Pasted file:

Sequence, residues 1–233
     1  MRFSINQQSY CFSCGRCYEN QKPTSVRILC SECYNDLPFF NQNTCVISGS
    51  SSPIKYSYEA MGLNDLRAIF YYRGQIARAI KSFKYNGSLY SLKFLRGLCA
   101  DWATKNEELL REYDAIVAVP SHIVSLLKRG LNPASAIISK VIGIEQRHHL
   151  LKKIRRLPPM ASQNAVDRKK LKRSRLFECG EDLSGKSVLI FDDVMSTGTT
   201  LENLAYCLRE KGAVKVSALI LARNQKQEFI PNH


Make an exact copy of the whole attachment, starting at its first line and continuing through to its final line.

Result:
Sequence, residues 1–233
     1  MRFSINQQSY CFSCGRCYEN QKPTSVRILC SECYNDLPFF NQNTCVISGS
    51  SSPIKYSYEA MGLNDLRAIF YYRGQIARAI KSFKYNGSLY SLKFLRGLCA
   101  DWATKNEELL REYDAIVAVP SHIVSLLKRG LNPASAIISK VIGIEQRHHL
   151  LKKIRRLPPM ASQNAVDRKK LKRSRLFECG EDLSGKSVLI FDDVMSTGTT
   201  LENLAYCLRE KGAVKVSALI LARNQKQEFI PNH